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Food Chain Traveler Newsletter #10
Got Milk?

In this newsletter: An update on my employment// Something I learned// Things to read, watch and do.

Hello fellow travelers,

I became a milkman! Each Saturday this summer and fall, you'll find me on the streets of Amsterdam, selling organic butter, milk and cheese. If you want to know why, keep on reading this newsletter.

Also I'm happy to report that our project De Seizoenarbeiders is really gaining momentum. Right now we have about 40 people working on 7 farms throughout the country, with numbers steadily rising. I hope to inform you a little more in depth in my next newsletter, but if you want to stay updated, follow us via @DeSeizoenarbeiders on Instagram or listen to the podcast that the wonderful people of Het Voedselkabinet made about us.

Finally, the Black Lives Matter protests of the past weeks and increasing revelations in media on the living conditions of seasonal workers in agriculture have reaffirmed that there is a lot of work to do working towards equality and equal opportunity. I hope to be able to remind myself and others that the act of eating is also an agricultural, moral and political act, and has to be intentional and responsible. More on that in this and future newsletters.

For now, I wish you a lot of good food and meaningful engagements with the people around you, and I hope you enjoy your weekend!

Maarten

MILKMAN// So, this summer and fall, from June to November, I'm spending each Saturday as follows:

0630 Wake up
0700 Cycle 20km to a dairy farm in Weesp
0800 Say hi to the 58 Montebéliarde cows
0830 Load the car with milk, butter and cheese
0900 Drive to Amsterdam
0930 Sell dairy
1630 Drive to the farm, unload the car, say bye to the cows
1730 Cycle back home

Why? Because I met Marten and Myrte of More than Milk Amsterdam (MOMA) while volunteering at the farm where they process their dairy.

I learned from them that in a radius of 12 km around Amsterdam, roughly 200 farmers produce nearly 1.500.000 liters of milk per week. Enough to fulfil the entire dairy consumption of Amsterdam. However, less than 0.5% of this milk finds its way directly to the city.

Marten & Myrte started MOMA to counter the anonymity and lack of taste of mass produced food, and to use dairy as a way to facilitate a conversation between the farm and the city. Conversations about taste, culture and climate. About what we seek in our food and the landscape around us, and about the future of our food system.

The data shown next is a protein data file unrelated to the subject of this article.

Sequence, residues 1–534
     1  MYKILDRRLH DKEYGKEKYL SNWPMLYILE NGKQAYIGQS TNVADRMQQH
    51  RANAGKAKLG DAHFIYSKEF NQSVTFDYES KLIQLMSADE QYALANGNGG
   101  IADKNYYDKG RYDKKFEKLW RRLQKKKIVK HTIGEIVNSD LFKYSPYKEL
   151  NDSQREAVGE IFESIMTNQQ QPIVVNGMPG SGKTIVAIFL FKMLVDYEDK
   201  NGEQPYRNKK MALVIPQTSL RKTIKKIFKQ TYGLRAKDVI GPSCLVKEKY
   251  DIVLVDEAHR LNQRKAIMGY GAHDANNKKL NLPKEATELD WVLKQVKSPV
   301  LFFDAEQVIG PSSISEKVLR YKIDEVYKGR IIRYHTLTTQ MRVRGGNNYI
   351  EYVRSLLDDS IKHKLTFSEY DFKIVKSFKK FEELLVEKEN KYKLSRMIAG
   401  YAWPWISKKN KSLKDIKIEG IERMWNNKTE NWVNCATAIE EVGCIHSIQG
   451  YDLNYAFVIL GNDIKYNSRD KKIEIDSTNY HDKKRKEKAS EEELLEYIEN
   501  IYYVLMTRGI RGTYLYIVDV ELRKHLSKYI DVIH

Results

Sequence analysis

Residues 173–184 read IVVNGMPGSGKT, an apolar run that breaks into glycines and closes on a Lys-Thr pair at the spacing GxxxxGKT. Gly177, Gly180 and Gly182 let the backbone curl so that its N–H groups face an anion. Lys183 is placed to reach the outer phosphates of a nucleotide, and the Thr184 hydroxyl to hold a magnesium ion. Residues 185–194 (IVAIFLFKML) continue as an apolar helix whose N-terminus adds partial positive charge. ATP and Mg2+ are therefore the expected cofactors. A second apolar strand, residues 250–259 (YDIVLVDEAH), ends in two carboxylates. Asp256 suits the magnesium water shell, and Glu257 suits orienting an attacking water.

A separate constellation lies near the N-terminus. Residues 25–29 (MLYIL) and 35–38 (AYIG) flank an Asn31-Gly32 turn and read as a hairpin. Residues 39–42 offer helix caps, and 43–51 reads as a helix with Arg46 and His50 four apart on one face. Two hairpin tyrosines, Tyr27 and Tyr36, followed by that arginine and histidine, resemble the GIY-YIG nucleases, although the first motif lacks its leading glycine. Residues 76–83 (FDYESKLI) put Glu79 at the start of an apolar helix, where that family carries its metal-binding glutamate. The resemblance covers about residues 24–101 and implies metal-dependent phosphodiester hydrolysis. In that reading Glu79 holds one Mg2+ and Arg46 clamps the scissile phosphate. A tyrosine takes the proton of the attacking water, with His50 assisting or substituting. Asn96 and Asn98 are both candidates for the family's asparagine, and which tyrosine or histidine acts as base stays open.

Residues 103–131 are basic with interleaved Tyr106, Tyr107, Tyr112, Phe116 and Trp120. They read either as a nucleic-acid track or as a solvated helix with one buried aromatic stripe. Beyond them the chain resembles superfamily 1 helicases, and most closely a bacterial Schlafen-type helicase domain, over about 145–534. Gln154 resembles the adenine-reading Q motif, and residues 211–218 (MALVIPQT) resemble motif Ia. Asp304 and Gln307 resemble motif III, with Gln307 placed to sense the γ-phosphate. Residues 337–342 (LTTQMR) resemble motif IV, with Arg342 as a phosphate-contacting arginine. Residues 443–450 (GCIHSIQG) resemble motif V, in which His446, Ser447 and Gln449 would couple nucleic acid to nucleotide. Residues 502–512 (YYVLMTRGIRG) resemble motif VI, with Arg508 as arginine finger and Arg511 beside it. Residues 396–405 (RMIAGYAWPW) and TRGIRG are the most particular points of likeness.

I really felt a connection with their drive, so when I saw they were looking for an extra milkman for their Saturday route, I jumped on the opportunity!

Every other week I'm inviting a co-host along to introduce a new perspective and start conversations and share recipes. Today I'm joined by Melissa Korn of Ik Eet Cultuur, a platform dedicated to the search for meaning of culture and identity through the lens of food. 

Hope to see you along our route!

Learn more about MOMA in this short video.
BOOK TIP - BUTTERMILK GRAFFITI// I've asked my first MOMA co-host Melissa for a book tip, and she did not disappoint :)

Why should people read this book?
"Edward Lee is someone who can write as well as he can cook. In this book we follow him during is travels in the US, tasting the cuisines of 'new Americans'. Lee, with his Korean roots, can describe like no other what it is like to take root in a new place through food. He did that himself with buttermilk, an ingredient that is inextricably linked to the southern states of America and that he has made his own."
 
What does this book have to do with dairy?
 
"In this book, the Korean-American chef Edward Lee explains how buttermilk and graffiti together symbolise who he is. Graffiti stands for his youth, and with that his Korean education in Brooklyn, because he grew up fanatically practicing his graffiti skills. Buttermilk represents getting to know his new home town of Kentucky in the southern US, where this dairy product is an ingredient of iconic status. Lee explains that every migrant has their own 'buttermilk graffiti', and uses this book to search out some of those stories."
 
"PS: also check out his cookbook Smoke & pickles for more buttermilk recipes :)"
THINGS TO READ, WATCH & DO// Read or watch interesting things online about food, history and equality, like this documentary about American labor leader and civil rights activist  Dolores Huerta// Read some of the good food books I'm collecting and reviewing on Goodreads. Like the product biography Milk: A 10.00 year Food Fracas by one of my favorite authors Mark Kurlansky. // Listen to some great podcasts like this one by Meant to be Eaten about Farmworkers Rights Amid & Beyond the Pandemic// Support local food producers, today and tomorrow.// Follow a (dairy) farmer online, like Mossgiel Farm in Scotland or Sylvanaqua Farms in the US.
Go visit a farm. If it feels unsafe, do so online for now.
Make some buttermilk pancakes, or do the buttermilk biscuit :D
🥛🍪
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De Seizoensarbeider · Hoofdweg 229-2 · Amsterdam, Netherlands, Noord Holland 1057CV · Netherlands

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